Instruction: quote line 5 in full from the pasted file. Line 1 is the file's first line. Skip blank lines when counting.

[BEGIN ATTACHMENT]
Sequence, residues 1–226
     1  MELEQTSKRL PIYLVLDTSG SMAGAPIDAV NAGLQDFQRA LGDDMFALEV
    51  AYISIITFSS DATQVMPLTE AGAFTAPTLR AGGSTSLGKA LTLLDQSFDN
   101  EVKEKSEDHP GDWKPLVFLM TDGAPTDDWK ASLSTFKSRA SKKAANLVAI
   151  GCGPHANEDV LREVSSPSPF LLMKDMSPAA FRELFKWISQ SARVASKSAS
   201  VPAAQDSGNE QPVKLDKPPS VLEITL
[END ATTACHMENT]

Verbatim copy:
   151  GCGPHANEDV LREVSSPSPF LLMKDMSPAA FRELFKWISQ SARVASKSAS